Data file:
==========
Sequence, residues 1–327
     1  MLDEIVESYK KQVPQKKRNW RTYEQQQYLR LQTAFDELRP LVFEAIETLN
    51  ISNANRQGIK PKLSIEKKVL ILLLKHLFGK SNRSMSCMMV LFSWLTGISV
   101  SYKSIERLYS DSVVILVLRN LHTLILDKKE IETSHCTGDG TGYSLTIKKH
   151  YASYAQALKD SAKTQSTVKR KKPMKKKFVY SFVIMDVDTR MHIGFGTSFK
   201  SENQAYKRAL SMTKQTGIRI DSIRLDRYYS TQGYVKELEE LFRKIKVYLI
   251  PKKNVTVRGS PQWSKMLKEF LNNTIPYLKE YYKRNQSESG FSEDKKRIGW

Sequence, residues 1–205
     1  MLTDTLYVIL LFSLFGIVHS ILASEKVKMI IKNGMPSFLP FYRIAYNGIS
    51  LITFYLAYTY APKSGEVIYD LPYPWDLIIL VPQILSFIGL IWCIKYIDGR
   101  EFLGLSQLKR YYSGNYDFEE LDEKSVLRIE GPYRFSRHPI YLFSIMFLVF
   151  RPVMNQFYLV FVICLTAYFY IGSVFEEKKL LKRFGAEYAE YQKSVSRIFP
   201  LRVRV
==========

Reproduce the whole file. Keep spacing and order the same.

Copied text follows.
Sequence, residues 1–327
     1  MLDEIVESYK KQVPQKKRNW RTYEQQQYLR LQTAFDELRP LVFEAIETLN
    51  ISNANRQGIK PKLSIEKKVL ILLLKHLFGK SNRSMSCMMV LFSWLTGISV
   101  SYKSIERLYS DSVVILVLRN LHTLILDKKE IETSHCTGDG TGYSLTIKKH
   151  YASYAQALKD SAKTQSTVKR KKPMKKKFVY SFVIMDVDTR MHIGFGTSFK
   201  SENQAYKRAL SMTKQTGIRI DSIRLDRYYS TQGYVKELEE LFRKIKVYLI
   251  PKKNVTVRGS PQWSKMLKEF LNNTIPYLKE YYKRNQSESG FSEDKKRIGW

Sequence, residues 1–205
     1  MLTDTLYVIL LFSLFGIVHS ILASEKVKMI IKNGMPSFLP FYRIAYNGIS
    51  LITFYLAYTY APKSGEVIYD LPYPWDLIIL VPQILSFIGL IWCIKYIDGR
   101  EFLGLSQLKR YYSGNYDFEE LDEKSVLRIE GPYRFSRHPI YLFSIMFLVF
   151  RPVMNQFYLV FVICLTAYFY IGSVFEEKKL LKRFGAEYAE YQKSVSRIFP
   201  LRVRV